turn, can be primitive values, such as numbers, other objects, or executable methods. An
object may have one
5

slot designated as a parent slot.




4
Because of the self
-
similarity this pattern exhibits across levels in a system, from individual classe
s, up
through abstract classes and frameworks, and across individual applications, I refer to this lifecycle
perspective as the
Fractal Model

(by analogy with Boehm's Sprial Model).

5
Multiple parents are possible, though as with Smalltalk, multiple inherit
ance is not well supported.

-

15

-

New objects are created

by
cloning
, or making an exact copy of, an existing object. The
cloned object is said to be the new object's prototype. Since any parent slots in the
prototype are copied as well, such slots will be shared by all the objects cloned from a
given prototyp
e. Class
-
like shared behavior repositories can be created by ensuring that
the direct parent of an object that is to be used as a prototype contains the information that

is to be shared. Such objects are referred to as
trait

objects.

Self uses a name res
olution scheme that begins with a computation's current context, and
continues with the receiving object itself. If this object does not contain a match, the
parent chain is searched until a match is found. If no match is found, an exception
occurs.

If a

match is found, and the matched slot contains a value, that value is returned as the
result of the computation. If the value of the slot is a method, the method is called, using
arguments supplied during the computation of the current context.

A conseq
uence of this implicit
eta

conversion

[Church 1941] of method data is that
treating a method as data is quite awkward in Self. This makes it hard to write
metaarchitectural code to manipulate methods.

Id

The first language in this series,
I
d,

was a simple implementation of a subset of Self in
CLOS. The implementation of Id was undertaken as an exercise to determine what sort
of objects I might build an object
-
oriented language out of given that I had another
powerful object
-
oriented languag
e with which to build it. The set of CLOS objects
identified during the construction of Id served as a road map for the design of Ego and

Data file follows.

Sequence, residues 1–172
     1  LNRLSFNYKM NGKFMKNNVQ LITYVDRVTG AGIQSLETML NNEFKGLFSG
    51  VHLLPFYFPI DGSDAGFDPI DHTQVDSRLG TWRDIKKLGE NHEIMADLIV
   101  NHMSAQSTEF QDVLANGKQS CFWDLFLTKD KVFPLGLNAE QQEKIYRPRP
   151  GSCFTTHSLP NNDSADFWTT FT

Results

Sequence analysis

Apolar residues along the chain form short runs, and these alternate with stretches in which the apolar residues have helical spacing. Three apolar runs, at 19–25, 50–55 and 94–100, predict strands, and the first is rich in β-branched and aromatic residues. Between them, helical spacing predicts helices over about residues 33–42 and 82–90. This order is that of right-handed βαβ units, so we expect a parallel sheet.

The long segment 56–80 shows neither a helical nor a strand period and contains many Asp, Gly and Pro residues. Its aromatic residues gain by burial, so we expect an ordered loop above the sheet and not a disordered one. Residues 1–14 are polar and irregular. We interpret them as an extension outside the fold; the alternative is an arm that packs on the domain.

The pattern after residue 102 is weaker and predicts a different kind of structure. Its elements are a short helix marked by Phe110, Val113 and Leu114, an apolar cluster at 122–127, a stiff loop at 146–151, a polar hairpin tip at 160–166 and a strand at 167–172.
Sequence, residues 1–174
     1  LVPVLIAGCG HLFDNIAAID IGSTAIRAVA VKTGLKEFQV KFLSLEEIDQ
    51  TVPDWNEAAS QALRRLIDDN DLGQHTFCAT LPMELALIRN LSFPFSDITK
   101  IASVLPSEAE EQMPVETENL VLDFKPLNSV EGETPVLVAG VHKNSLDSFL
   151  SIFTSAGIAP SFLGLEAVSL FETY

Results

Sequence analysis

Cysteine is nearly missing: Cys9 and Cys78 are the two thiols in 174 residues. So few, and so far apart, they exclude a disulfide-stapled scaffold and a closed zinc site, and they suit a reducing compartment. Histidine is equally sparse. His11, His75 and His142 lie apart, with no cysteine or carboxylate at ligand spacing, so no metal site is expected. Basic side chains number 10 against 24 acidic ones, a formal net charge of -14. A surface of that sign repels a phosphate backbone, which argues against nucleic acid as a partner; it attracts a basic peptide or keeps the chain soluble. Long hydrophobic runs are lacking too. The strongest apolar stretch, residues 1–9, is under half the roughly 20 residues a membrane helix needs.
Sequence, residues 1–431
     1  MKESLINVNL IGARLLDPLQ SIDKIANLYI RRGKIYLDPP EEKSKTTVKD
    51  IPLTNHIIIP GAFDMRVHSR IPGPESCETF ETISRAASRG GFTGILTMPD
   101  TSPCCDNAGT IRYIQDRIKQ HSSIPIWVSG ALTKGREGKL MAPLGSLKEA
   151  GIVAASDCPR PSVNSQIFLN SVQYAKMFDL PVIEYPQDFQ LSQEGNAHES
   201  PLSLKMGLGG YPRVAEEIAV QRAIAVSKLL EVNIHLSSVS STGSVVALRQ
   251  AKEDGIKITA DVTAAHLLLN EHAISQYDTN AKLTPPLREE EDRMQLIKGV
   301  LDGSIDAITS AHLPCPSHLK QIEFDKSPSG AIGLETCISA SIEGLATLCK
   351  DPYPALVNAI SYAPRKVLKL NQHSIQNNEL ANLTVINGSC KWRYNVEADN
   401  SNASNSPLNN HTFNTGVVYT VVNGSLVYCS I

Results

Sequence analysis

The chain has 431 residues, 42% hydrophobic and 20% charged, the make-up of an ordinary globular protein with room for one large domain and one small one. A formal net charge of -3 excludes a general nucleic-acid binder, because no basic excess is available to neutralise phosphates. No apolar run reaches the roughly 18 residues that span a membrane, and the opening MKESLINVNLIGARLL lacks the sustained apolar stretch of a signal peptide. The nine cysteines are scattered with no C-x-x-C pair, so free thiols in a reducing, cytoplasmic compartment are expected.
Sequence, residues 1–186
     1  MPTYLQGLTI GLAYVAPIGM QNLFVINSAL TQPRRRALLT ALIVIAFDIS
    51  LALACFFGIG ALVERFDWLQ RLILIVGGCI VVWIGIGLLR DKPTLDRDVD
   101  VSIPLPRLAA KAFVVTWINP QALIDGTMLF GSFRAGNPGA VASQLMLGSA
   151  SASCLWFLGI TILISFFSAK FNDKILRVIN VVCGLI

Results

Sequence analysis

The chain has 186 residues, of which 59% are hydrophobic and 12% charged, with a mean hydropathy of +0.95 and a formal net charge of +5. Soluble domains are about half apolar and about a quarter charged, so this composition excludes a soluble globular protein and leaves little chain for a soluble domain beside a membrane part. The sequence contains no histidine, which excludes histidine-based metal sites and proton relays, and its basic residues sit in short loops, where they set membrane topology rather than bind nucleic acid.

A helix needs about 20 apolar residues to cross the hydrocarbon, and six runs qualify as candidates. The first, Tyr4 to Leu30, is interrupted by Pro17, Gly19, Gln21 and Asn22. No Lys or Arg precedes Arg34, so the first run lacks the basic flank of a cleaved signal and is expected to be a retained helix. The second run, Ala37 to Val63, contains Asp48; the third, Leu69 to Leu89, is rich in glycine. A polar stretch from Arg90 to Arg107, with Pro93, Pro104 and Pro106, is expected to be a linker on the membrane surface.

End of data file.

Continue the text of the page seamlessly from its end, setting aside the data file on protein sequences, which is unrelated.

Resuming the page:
Superego.

Ego

The second language in this series,
Ego
, showed how the bulk of the metalevel
responsib
ilities of the Id CLOS kernel could be implemented at the metalevel in Ego
itself. The Ego kernel was written in pure, old
-
fashioned Common Lisp, rather than
CLOS. The goal was to abandon all the comforts of CLOS so as to force the object
-
oriented facili
ties that I had come to depend on to appear in Ego itself.

Superego

Superego

built upon Ego by adding more complete reflective facilities to Ego. In
Superego, the way the language works is defined by the objects out of which it is
imp
lemented. These objects, in turn, can be manipulated from running Superego
programs.

The Superego prototype also contained the beginnings of a fully metacircular interpreter
for Superego in Superego. Two of the more demanding elements of Superego's
arc
hitecture, blocks, and the
reflect$

form, which demonstrates how 3
-
Lisp's REFLECT
-

16

-

form might be implemented in Superego, were presented as first
-
class Superego scripts.
Note that Superego is more circular than typical Lisp
-
based languages, because its met
a
-
architecture requires that instances, as well as the runtime kernel objects such as the
method dispatching objects, be potentially first class objects, which may themselves
initiate non
-
primitive computation.

Roles

I have identified a s
et of architectural concerns, or roles, that can categorize the elements
of the framework. These are divided into two groups, using a distinction proposed by
Ferber [Ferber 1989]. Structural objects tend to be the static data that an interpreter might
ma
nipulate. Computational objects are the dynamic structures that an interpreter might
create, or static elements of the interpreter itself.

Of course, with the metaarchitecture of a system distributed among a variety of objects,
each can be thought of as

a distinct reflective dimension, and distinctions such as
structural, computational, and even metalevel are less significant than they might be in a